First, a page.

Anne Applebaum is a columnist for the Washington Post and a prize-winning historian with a particular expertise in the history of communist and post-communist Europe. She is also a Professor of Practice at the London School of Economics, where she runs ARENA, a research project on disinformation and 21st-century propaganda. She is the author of several books, including Red Famine: Stalin’s War on Ukraine; Iron Curtain: The Crushing of Eastern Europe; and Gulag: A History, which won the 2004 Pulitzer Prize for non-fiction.
About the talk:
As represented by John Everett Millais’s painting (1851–1852), Ophelia is a fetishized icon of female victimhood in the West. Japan has its own version of an Ophelia-cult, beginning with Soseki Natsume’s reworking of Ophelia in The Three-Cornered World (1906). The protagonist, a painter, curiously compares O-Nami, a strong-willed, rebellious woman, to Ophelia. The novel also draws on certain Japanese legends and horror tales that link Ophelia with Japanese revengeful female ghosts and monsters.
Join us for an evening with best-selling author and Oxford University Professor of African Studies Jonny Steinberg. Professor Steinberg will give a talk, followed by a short reading of his forthcoming book One Day in Bethlehem, and a moderated Q&A session with Stanford Global Studies Director and Professor of Political Science Jeremy M.
New play written and directed by Bahram Beyzaie.Approximately year eighty of the Persian calendar. In a busy crossroads of Tehran, a woman and a man run into one another, torn apart by the events of the last fifteen years!Play is in Persian. Part of the Stanford Festival of Iranian Arts. **More information and ticket sales coming soon!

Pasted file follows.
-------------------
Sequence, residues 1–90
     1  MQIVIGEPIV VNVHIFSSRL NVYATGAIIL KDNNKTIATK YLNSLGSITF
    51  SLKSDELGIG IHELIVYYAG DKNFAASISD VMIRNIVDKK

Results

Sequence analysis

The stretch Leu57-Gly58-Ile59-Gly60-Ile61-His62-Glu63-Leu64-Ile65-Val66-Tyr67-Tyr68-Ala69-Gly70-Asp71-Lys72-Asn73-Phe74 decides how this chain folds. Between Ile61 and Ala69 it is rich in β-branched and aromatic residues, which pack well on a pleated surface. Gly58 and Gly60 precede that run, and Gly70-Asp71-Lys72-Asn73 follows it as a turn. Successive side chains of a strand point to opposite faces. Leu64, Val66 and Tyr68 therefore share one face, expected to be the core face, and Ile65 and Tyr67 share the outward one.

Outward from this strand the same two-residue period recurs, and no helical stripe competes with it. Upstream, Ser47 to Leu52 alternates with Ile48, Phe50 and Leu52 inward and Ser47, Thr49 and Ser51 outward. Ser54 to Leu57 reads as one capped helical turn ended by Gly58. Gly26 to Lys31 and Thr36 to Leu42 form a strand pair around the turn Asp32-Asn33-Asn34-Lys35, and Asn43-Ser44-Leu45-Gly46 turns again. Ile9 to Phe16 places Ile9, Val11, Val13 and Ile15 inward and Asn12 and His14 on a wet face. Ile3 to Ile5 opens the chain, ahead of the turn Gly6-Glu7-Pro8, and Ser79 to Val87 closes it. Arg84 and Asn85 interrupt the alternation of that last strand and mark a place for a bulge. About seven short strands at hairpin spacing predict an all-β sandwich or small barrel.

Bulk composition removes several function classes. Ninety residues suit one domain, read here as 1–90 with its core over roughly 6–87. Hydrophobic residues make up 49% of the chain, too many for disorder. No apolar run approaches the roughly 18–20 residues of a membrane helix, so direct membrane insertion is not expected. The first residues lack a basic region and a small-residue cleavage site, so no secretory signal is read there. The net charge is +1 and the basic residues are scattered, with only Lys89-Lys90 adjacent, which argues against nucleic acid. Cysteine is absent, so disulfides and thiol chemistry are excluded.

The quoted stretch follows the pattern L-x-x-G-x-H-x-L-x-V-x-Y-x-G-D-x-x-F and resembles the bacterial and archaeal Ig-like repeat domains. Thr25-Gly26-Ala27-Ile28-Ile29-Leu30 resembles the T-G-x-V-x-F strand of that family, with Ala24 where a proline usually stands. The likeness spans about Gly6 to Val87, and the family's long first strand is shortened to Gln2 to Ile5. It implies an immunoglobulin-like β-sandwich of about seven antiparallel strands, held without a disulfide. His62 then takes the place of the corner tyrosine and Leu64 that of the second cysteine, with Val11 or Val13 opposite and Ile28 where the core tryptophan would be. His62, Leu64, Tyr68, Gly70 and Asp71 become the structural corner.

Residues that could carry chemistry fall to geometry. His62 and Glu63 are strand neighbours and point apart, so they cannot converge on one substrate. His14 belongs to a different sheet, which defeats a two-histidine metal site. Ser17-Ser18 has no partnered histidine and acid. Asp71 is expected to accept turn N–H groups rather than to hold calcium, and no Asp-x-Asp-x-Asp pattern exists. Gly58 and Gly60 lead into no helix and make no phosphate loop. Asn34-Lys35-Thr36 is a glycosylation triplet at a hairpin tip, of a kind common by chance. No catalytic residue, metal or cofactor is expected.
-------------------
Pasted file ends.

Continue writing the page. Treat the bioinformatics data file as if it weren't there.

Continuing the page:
The widespread stereotype of Ukraine is that of a divided nation – of several "Ukraines" with diverging orientations, different languages and contested identities. This stereotype has been utilized heavily both inside and outside of Ukraine, most significantly by the Russian media. The usual narrative divides Ukraine into Eastern and Western, where the former is considered pro-Russian and Russian-speaking. These complex historical and regional identifications are often overreaching, excessively divisive, and oversimplified.
Digital humanities suddenly erupted in Poland in the second decade of the 21st Century: scholars and institutions established first digital humanities centres, joined important European networks and consortia like CLARIN, NeDiMAH, DARIAH, OPERAS, and hosted large international conferences, including ADHO’s DH 2016 in Kraków. Yet this sudden eruption by no means marks the beginning of DH in Poland, as the first digital projects could be traced back to the early 2000s.